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What public health leaders need: humility, curiosity, and inquiry

A Q&A with California State Public Health Director and Berkeley Public Health alum Dr. Tomás Aragón

Dr. Tomás Aragón has a long history with UC Berkeley. He received his undergraduate training at Cal and returned after Harvard Medical School to receive a DrPH from the School of Public Health. At commencement 2021, Dr. Aragón, now California state public health officer, will be honored as the Berkeley Public Health Alumnus of the Year. He’ll receive his award during the 2021 live streamed commencement ceremony. We recently had a chance to talk with Dr. Aragón about his work, the COVID-10 pandemic, and the advice he has for the public health professionals of tomorrow.

Berkeley Public Health: Can you tell me a little about your connection with UC Berkeley?

I started at UC Berkeley as an undergrad in 1977. I dropped out after two quarters and came back in 1981, graduating in 1983. When I was an undergraduate, I took a course in cancer epidemiology and that’s when I became very interested in public health. I knew then I was going to do something related to public health. So when I went to medical school [at Harvard], I took an extra year for a master of public health.

I got my DrPH in 2000 [from Berkeley Public Health), and then 9/11 happened. All of a sudden, public health changed with a big emphasis on becoming prepared for disaster. And Art Reingold recruited me to create a Center for Disease Control and Prevention (CDC) public health preparedness center at UC Berkeley. I was there for almost eight years, both training and researching, all focused on infectious disease preparedness; I spent 10 years focusing on how to prepare for pandemics.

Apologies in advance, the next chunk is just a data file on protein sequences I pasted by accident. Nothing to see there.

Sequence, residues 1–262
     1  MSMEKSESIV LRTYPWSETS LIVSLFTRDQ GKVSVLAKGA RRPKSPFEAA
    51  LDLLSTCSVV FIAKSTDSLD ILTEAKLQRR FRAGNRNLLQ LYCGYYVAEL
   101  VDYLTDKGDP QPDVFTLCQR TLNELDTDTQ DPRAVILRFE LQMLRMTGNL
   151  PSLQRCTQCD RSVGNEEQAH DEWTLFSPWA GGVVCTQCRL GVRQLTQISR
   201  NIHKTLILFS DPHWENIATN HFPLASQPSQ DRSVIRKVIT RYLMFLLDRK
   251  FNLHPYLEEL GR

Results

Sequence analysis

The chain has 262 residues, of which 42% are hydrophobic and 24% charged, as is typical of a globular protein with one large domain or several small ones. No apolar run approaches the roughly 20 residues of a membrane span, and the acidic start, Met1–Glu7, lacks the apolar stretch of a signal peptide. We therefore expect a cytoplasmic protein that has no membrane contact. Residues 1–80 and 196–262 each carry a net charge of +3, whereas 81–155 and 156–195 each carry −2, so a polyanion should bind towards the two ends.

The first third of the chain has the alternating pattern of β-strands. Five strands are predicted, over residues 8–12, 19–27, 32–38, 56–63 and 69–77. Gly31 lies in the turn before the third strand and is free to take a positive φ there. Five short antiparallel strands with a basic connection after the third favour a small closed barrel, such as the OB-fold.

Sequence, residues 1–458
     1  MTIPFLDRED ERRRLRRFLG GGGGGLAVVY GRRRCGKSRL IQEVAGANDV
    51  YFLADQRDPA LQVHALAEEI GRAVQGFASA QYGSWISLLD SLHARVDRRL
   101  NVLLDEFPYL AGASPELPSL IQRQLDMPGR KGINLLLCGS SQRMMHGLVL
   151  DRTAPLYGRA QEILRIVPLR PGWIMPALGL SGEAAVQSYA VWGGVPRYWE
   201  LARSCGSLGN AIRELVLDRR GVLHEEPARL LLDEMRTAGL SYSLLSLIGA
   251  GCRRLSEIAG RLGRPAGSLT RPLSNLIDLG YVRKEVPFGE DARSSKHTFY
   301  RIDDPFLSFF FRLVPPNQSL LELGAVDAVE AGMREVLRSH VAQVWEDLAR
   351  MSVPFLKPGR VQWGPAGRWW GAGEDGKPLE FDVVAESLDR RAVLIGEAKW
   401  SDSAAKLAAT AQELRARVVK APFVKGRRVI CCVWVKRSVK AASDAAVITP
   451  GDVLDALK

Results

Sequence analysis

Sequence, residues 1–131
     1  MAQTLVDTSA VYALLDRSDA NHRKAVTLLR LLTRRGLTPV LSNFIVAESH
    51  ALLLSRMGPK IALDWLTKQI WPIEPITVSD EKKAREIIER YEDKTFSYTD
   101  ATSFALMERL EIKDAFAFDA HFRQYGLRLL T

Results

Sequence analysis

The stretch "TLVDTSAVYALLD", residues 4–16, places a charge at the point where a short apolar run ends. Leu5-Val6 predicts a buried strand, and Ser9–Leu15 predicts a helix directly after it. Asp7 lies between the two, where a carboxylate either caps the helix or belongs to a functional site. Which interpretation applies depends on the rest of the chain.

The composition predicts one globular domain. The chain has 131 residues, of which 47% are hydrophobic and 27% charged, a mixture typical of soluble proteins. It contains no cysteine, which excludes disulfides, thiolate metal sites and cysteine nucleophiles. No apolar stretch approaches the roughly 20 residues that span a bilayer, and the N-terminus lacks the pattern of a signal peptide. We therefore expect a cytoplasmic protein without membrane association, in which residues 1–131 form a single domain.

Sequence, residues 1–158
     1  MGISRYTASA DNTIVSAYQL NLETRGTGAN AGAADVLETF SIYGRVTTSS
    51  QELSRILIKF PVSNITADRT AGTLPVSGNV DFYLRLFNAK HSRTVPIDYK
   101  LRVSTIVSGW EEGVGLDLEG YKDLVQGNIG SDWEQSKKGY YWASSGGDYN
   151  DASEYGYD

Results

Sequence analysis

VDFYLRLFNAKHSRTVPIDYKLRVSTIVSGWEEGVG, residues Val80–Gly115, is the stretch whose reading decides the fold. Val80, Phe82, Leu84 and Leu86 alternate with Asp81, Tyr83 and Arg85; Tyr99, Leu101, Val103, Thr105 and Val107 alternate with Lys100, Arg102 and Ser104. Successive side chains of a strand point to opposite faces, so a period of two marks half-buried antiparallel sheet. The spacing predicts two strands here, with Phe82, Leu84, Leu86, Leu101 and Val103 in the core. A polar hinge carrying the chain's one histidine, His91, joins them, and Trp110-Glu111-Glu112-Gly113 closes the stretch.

When did you become the Health Officer for the City and County of San Francisco? And how did you prepare for the COVID-19 pandemic?

I was recruited to become [SF] health officer in 2011, and that’s when I…hung up my infectious disease preparation work and just focused on general public health. Then the pandemic happened.

We already had experience with SARS; in early 2003, I led the UC Berkeley task force to prepare for SARS. Then there was 2009 H1N1 pandemic, Ebola in 2014, there was Zika, MERS, and a series of things that we were preparing for.

In January 2020, when we were seeing what was happening in China, I met with my communicable diseases experts. On January 21, we activated our emergency response; we were the first city and county in the nation to do so.

On March 15, we met and decided [to enact a stay-at-home order] within 24 hours. We mobilized the attorneys and had to get some political support. And we issued that order on March 16, with the state following March 19. New York City followed March 22.

How do you think California is doing with regards to COVID? 

The big challenge with California is it’s a state of 40 million people and incredibly diverse. It’s challenging coming up with policies that work for every county. Some policies will be too restrictive, some not enough. But the state is doing really well right now as opposed to other states.

Vaccination rates are high, deaths are low, cases are low. But there’s still work for underrepresented communities to get vaccinated. I am pleased, but keeping our fingers crossed that these variants don’t get ahead of us.